All candidates acknowledged a significant decline in school spirit among Santamarians over the years, revealing the mystery of how to improve student engagement on campus. Suggestions ranged from society empowerment to improved events, tying in closely with the problem of accommodations for international students.

The candidates motivations for running in the election all included dedication to SMU and understanding its students. Armonys’ motivation also included a strong dissatisfaction with the past demonstration of the university administrations’ ability to take advantage of SMUdents. Although he chose not to run in the bi-election at the beginning of the year, he was motivated to run in this election by his more recent experience working for SMUSA and dealing with the administration of SMU. He believes that by using this experience, he is now the right man for the job of fighting for students’ interests.

Matthews’ main platform included opportunities for first year students and the inclusion of international students in the culture of SMU, as well as improving services provided by Aramark. Some of his priority issues as President would be the removal of the debit fee at the cafeteria, and the inclusion of vegan options at Dockside. He cites his dedication as a Santamarian, a track and field athlete and a loyal ‘people person’. He believes that his ability to seek out and understand students is what sets him apart from the other candidates, as an employee of Aramark an attendee of many campus events, and his academic proficiency.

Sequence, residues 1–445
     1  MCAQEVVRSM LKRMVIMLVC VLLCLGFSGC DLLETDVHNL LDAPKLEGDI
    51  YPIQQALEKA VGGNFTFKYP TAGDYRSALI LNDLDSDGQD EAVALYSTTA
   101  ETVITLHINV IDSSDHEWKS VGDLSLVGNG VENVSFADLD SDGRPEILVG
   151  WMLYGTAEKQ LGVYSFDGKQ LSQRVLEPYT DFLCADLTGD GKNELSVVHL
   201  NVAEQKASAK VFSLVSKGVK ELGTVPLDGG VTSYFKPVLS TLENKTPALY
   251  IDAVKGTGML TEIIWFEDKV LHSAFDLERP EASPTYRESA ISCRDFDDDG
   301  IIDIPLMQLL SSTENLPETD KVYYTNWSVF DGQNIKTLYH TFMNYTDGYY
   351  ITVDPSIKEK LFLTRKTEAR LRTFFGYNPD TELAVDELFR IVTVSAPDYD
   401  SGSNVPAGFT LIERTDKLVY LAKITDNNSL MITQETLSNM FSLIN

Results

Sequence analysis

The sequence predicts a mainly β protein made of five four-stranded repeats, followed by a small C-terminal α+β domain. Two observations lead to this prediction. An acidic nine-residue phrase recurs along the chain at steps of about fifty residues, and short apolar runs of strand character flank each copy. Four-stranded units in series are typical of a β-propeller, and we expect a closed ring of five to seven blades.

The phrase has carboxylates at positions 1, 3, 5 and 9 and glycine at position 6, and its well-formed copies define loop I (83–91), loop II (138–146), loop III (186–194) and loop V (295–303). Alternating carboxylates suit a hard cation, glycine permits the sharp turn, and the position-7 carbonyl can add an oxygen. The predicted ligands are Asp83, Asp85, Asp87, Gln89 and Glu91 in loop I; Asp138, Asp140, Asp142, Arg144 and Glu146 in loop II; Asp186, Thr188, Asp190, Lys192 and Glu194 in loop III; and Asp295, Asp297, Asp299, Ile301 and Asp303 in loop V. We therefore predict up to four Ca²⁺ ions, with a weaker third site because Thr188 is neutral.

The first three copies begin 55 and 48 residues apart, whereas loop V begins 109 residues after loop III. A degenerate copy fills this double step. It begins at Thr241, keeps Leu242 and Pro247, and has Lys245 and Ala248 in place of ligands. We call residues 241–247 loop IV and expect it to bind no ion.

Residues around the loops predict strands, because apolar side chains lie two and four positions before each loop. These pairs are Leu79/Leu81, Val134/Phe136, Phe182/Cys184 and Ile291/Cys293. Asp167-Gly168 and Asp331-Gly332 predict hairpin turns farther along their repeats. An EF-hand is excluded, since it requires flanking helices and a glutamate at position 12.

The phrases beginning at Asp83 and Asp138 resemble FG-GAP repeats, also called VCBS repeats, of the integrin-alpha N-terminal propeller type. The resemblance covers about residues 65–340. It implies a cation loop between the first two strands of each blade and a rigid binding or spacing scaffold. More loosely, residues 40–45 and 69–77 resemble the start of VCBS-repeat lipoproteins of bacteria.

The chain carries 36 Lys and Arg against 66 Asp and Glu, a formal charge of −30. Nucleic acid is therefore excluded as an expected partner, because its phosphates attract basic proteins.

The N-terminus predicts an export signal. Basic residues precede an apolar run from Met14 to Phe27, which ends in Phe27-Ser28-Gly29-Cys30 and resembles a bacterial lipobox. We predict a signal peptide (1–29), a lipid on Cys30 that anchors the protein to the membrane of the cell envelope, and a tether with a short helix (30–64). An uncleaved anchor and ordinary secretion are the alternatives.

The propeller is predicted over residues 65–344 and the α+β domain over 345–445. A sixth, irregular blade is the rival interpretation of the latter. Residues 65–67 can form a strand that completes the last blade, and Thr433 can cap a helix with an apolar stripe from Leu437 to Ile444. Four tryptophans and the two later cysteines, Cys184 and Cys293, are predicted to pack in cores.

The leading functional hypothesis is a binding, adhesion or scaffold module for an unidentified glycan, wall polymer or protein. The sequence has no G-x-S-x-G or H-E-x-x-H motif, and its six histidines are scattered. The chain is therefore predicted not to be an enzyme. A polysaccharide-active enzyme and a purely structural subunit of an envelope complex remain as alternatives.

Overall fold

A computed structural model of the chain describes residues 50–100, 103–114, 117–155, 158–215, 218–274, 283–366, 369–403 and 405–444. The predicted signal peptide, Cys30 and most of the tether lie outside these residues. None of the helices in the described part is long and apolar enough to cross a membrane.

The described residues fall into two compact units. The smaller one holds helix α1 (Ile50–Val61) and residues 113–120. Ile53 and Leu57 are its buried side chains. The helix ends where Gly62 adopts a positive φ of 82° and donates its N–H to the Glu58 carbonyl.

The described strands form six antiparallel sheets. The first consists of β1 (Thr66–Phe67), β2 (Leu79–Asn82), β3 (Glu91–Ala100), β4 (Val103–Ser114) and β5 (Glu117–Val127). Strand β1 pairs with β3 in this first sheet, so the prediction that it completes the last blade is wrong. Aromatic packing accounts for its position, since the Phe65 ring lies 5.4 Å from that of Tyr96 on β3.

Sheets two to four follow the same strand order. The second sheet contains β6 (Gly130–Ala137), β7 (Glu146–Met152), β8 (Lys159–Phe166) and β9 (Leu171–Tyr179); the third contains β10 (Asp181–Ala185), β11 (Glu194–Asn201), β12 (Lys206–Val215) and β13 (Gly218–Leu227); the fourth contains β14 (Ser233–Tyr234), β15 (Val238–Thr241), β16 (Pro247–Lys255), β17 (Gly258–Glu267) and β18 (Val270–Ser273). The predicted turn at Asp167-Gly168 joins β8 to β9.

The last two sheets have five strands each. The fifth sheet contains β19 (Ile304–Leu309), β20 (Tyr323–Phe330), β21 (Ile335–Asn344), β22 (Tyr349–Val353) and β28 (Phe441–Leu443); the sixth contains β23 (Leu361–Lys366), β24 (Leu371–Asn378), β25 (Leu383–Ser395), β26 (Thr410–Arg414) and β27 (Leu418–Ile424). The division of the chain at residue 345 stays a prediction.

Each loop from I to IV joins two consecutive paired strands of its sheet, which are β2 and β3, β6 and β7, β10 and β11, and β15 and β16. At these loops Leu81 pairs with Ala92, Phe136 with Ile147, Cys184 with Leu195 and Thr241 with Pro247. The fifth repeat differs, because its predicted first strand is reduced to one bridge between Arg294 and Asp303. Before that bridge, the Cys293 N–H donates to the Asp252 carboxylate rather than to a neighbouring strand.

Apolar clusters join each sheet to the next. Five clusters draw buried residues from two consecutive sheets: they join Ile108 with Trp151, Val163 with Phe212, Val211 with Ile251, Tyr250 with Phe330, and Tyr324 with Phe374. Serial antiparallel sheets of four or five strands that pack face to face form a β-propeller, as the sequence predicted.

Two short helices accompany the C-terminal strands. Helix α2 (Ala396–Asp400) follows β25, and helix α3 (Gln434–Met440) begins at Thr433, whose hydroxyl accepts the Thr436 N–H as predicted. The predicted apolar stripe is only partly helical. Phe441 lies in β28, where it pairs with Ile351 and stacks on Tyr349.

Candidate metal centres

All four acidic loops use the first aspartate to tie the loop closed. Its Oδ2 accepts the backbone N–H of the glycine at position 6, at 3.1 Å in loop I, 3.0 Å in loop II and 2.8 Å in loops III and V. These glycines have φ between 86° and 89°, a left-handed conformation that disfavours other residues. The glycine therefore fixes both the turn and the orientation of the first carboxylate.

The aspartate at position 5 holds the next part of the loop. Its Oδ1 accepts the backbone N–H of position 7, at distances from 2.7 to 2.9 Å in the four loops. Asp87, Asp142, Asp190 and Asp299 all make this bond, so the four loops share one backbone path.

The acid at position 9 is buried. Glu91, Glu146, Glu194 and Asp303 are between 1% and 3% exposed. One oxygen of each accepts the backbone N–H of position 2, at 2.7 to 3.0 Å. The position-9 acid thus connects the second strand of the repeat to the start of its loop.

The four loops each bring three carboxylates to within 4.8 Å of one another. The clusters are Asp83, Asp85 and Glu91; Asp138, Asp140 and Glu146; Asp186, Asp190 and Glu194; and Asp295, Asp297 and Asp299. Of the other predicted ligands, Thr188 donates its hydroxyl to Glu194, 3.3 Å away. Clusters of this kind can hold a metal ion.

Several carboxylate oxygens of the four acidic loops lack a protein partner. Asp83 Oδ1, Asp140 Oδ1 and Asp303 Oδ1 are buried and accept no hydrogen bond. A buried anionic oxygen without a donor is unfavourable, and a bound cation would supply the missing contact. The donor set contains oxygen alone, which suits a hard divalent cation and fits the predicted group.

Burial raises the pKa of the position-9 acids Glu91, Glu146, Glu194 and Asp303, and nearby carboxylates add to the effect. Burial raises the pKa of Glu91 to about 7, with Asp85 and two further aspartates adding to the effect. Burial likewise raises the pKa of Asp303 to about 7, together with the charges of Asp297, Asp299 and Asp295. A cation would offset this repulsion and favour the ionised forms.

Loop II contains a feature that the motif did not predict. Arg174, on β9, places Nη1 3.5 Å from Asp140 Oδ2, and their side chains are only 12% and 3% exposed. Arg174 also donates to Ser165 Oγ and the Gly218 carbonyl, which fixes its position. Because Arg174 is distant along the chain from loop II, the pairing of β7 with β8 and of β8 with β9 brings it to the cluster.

Nasrallah’s campaign also centers around student engagement, as well as the relationship between students and SMUSA, citing a ‘missing bridge’ between the two. He states that although he is a first year student without much experience in university politics, he has gained life experience by managing his fathers business and interacting with a variety of people from a range of different backgrounds professionally and casually.